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Periodontal Disease

 

periodontal-video

Periodontal disease (gum disease) can often begin painlessly and unnoticeably. While your dentist will be able to detect it, you may not be aware of it until it’s too late. Unfortunately, periodontal disease is the number one reason as to why adults need teeth extraction. Luckily, there are ways to prevent your gums from becoming infected, and your dentist has ways of slowing down or even reversing the disease.

How Does Periodontal Disease Form

Your gums are a soft tissue that bond against your teeth. Ideally, your gums will stick to your teeth to help keep them strong and in place. Healthy gums are generally a light pink color while unhealthy gums are dark red and inflamed. As plaque rests on your teeth, your gums begin to become irritated due to the high presence of bacteria. The gums will then begin to slowly recede from your teeth which can lead to loosened teeth, exposed bone, and damage to the exposed areas.

When plaque is allowed to stay for long periods of time (such as when not flossing or brushing daily,) it will begin to form a harder substance called tartar. Tartar can only be removed by a dentist, and if left untreated, it will begin to push your gums away from your teeth. Periodontal disease begins from this vicious cycle: tartar pushes your gums away exposing more of the tooth, and then more tartar begins to form on this area of the tooth. If left untreated, your teeth will be at risk of becoming loose and the exposed bones can become painfully damaged.

While periodontal disease can happen to anyone, there are some things that are known to increase the risk and severity of it:

 

  • Any tobacco products including cigarettes and oral tobacco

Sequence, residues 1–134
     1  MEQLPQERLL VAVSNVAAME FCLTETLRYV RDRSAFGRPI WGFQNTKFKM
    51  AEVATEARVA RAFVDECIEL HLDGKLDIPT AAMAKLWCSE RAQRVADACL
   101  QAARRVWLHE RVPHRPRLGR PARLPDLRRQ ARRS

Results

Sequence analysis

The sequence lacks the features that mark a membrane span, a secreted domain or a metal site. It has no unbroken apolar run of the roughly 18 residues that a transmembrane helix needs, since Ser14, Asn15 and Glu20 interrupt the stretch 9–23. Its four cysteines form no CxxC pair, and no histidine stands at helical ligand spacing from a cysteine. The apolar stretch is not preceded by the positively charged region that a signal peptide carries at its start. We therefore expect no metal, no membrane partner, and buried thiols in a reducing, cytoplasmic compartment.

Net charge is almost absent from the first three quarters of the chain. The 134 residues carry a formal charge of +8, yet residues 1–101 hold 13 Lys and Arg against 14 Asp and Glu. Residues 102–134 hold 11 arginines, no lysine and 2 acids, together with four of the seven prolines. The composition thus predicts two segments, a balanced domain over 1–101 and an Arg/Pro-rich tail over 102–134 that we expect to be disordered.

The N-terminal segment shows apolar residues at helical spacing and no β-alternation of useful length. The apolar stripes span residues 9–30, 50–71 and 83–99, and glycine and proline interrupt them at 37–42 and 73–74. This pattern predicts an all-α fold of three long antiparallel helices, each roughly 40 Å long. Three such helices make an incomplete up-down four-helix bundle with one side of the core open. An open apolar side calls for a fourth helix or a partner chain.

• Poor oral hygiene
  • Improperly fitted fillings
  • Unaligned teeth (more room for bacteria to rest)
  • Consistent grinding of the teeth
  • A poor diet (excessive sweets, sodas, or other highly sweetened snacks)
  • Pregnancy
  • Certain diseases such as diabetes
  • Certain medications
  • Dehydration

The Stages of Periodontal Disease

Healthy gums are generally pink and will not bleed during regular flossing and brushing. While a little bleeding during your first few times flossing is to be expected, it should not be a continuous experience. While some plaque and even a little tartar may be found on your teeth, your gums continue to be healthy and there is no current risk of bone damage. Once the plaque is removed, your gums will be feel as good as new.

Should the plaque and tartar be left untreated, you may get periodontitis. This is when your gums begin to separate from the teeth which can expose the bone. This creates pockets for new bacteria to form, and the cycle will continue unless treated by a professional. If left untreated, it will continue until the bone is excessively damaged which risks infection and loosened teeth.

The Symptoms of Periodontal Disease

While a dentists will know if you at risk for periodontal disease, there are some common symptoms that you should be aware of before your next visit:

  • Red and inflamed gums
  • Painful gums
  • Gums that bleed continuously while brushing or flossing
  • Loosened or shifted teeth
  • Any discharge from the gums
  • Continuos bad breath
  • Teeth that begin to look longer
  • Receding gum lines
  • Changes in how your teeth fit when you biteIf you have any of these symptoms, you are advised to consult your dentist as soon as possible. Periodontal disease can be stopped in its early stages, and it can be maintained even in its advanced stages. However, it’s important to stop it early so that you can minimize the damage and recovery time!